Kalman Filter

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Incomplete Draft Version

Source Code


The following tutorial implements a simple Kalman Filter. The code is derived originally from and article witten by Roy on morethantechnical.com. It has been very kindly translated to C# EMGU by Usman Ashraf and bojoeb.

The Kalman filter is an algorithm which operates recursively on streams of noisy input data to produce a statistically optimal estimate of the underlying system state (Original Paper). The filter is named for Rudolf (Rudy) E. Kálmán, one of the primary developers of its theory. More information is available at Wikipedia, the Kalmn Filter was derived to solve the Wiener filter problem. The Wiener filter problem is to reduce the amount of noise present in a signal by comparison with an estimation of the desired noiseless signal. The discrete-time equivalent of Wiener's work was derived independently by Kolmogorov and published in 1941. Hence the theory is often called the Wiener-Kolmogorov filtering theory.

In this example the signal processes is the movement of the mouse. While a simple application the algorithm can have numerous applications including image smoothing, edge tracking and optical flow to name a few. This tutorial is designed to give a rather basic introduction to the filter design.

Assumed Knowledge

The following tutorial is of an intermediate level. It is assumed that you can set up your own project and reference the appropriate files accordingly. For reference to errors or if you are a beginner then a good starting point is here: Setting up EMGU C#.

The Code

Setting Up the Kalman Filter

In the source provided the Kalman filter is initialised after the Form1 InitializeComponent() method is called. The method were interested in is KalmanFilter()

        public void KalmanFilter()
                mousePoints = new List<PointF>();
                kalmanPoints = new List<PointF>();
                kal = new Kalman(4, 2, 0);
                syntheticData = new SyntheticData();
                Matrix<float> state = new Matrix<float>(new float[]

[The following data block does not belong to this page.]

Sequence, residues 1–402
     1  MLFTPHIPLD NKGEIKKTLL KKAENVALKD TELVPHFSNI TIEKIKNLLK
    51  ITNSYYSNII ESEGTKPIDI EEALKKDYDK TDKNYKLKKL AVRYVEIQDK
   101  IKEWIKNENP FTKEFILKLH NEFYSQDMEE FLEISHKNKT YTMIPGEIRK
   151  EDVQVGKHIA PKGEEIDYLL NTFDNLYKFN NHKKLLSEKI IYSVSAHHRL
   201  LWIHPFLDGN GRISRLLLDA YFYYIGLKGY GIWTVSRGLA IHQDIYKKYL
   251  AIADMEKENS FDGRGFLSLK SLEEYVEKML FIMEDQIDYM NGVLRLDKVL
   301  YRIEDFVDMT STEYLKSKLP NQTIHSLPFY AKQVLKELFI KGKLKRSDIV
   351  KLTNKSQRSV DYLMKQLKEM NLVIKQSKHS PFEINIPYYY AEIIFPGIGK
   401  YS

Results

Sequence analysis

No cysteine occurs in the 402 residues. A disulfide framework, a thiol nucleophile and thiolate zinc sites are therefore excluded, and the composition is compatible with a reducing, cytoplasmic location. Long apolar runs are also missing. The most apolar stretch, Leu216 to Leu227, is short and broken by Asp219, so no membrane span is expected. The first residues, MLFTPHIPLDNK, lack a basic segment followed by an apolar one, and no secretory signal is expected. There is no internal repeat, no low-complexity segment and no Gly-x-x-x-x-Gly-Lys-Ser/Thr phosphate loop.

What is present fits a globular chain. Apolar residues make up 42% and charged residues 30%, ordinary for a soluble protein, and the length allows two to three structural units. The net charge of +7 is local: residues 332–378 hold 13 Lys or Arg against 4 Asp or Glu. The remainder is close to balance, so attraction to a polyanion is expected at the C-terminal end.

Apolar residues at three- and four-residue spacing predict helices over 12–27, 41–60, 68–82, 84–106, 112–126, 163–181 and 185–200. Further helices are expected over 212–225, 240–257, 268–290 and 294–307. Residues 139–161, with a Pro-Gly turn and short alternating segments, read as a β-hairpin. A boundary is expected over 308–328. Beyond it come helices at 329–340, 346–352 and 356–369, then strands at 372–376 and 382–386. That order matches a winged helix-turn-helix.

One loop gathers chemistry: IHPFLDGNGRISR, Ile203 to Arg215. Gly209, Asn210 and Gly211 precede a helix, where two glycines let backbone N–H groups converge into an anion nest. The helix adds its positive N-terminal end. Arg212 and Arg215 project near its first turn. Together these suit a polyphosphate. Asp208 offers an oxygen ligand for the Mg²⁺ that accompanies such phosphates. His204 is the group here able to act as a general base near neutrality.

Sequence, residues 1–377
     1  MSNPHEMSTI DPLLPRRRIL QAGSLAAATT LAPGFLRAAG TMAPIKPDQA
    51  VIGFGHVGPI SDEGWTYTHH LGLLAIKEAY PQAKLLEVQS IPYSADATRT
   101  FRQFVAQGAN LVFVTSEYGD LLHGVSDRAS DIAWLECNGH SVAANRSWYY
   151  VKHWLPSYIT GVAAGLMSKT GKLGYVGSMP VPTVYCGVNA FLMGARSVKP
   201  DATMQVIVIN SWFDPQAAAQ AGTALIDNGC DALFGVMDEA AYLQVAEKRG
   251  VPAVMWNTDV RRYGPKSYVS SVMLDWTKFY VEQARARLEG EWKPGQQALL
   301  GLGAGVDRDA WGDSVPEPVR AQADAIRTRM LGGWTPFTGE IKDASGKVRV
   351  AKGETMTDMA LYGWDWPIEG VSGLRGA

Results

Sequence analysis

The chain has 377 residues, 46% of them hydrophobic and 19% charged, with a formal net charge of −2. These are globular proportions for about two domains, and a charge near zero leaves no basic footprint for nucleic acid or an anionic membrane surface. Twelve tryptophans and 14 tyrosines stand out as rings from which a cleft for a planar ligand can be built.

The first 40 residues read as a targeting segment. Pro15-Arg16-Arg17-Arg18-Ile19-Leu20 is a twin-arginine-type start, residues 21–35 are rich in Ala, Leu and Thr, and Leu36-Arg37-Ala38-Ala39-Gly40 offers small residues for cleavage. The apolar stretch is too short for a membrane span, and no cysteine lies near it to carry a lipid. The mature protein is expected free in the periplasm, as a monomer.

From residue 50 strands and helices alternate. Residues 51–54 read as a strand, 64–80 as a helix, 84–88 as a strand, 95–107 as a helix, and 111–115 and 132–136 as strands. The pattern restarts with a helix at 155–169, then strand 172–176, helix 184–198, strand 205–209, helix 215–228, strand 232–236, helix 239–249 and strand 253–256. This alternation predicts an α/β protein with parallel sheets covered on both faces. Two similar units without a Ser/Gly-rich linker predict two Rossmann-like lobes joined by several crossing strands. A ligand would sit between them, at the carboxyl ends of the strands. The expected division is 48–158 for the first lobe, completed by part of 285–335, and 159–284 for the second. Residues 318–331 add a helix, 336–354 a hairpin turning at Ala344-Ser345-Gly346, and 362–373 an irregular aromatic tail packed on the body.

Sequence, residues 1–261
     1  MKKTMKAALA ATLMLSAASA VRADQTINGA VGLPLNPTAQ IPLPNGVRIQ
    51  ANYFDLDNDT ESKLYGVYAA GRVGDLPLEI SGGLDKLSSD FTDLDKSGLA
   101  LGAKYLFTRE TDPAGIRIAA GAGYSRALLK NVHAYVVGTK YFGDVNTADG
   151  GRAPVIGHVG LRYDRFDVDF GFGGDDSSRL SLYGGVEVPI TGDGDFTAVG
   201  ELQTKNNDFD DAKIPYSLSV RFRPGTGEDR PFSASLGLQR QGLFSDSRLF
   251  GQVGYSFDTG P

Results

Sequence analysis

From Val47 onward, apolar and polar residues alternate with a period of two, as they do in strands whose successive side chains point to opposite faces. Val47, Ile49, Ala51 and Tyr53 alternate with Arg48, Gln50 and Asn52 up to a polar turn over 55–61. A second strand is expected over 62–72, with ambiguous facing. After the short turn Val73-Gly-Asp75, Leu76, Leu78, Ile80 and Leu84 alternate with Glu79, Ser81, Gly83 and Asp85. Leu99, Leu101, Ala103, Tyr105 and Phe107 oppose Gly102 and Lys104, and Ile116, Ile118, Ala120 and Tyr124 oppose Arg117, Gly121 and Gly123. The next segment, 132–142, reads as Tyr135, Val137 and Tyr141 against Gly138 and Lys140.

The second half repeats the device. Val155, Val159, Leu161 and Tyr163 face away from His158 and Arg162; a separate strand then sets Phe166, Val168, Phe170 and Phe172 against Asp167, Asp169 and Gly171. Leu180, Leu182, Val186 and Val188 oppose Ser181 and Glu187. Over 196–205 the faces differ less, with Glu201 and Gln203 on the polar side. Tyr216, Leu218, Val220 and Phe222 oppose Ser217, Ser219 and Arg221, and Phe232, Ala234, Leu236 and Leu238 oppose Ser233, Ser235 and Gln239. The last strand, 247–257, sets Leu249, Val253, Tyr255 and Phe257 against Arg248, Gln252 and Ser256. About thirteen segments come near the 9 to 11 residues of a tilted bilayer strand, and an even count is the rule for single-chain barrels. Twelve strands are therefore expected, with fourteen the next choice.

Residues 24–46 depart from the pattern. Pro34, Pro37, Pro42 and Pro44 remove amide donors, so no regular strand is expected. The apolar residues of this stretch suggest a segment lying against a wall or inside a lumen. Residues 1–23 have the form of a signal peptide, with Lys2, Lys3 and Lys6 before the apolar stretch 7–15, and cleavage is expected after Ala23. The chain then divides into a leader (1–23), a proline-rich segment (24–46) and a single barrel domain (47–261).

0.0f, 0.0f, 0.0f, 0.0f
                kal.CorrectedState = state;
                kal.TransitionMatrix = syntheticData.transitionMatrix;
                kal.MeasurementNoiseCovariance = syntheticData.measurementNoise;
                kal.ProcessNoiseCovariance = syntheticData.processNoise;
                kal.ErrorCovariancePost = syntheticData.errorCovariancePost;
                kal.MeasurementMatrix = syntheticData.measurementMatrix;

The “syntheticData” variable is a collection of Matrices used to calculate the noise present within the data and process the noise out of the data. SyntheticData variables are held with a class SyntheticData.cs in it’s current settings the SyntheticData allows the Kalman filter to be set up with 4 Dynamic parameters denoted by “state” with 2 measurement parameters.

To fully understand the implementation and adjust the Kalman Filter SyntheticData.cs must be explored. The first thing to inspect is the initialisation of the SyntheticData,

        public SyntheticData()
            state = new Matrix<float>(4, 1);
            state[0, 0] = 0f; // x-pos
            state[1, 0] = 0f; // y-pos
            state[2, 0] = 0f; // x-velocity
            state[3, 0] = 0f; // y-velocity
            transitionMatrix = new Matrix<float>(new float[,]
                        {1, 0, 1, 0},
                        {0, 1, 0, 1},
                        {0, 0, 1, 0},
                        {0, 0, 0, 1}
            measurementMatrix = new Matrix<float>(new float[,]
                        { 1, 0, 0, 0 },
                        { 0, 1, 0, 0 }
            processNoise = new Matrix<float>(4, 4);
            processNoise.SetIdentity(new MCvScalar(1.0e-4));
            measurementNoise = new Matrix<float>(2, 2);
            measurementNoise.SetIdentity(new MCvScalar(1.0e-1));
            errorCovariancePost = new Matrix<float>(4, 4);

As can be observed a variable state is also allocated giving the four dimensions to be tracked. The X position of the mouse, the Y position of the mouse, the velocity change along the X access, and the velocity change along the Y access These four variables are usually enough for a majority of situations however the more variable that are tracked the potential for better suppression of noise.

The transition matrix provides the Kalman filter with the expected combinations of change between all variables.

Obtaining The mouse Co-Ordinates and up Setting the Data

Use of Timers

Displaying the Results

Applying the Kalman Filter to Other Applications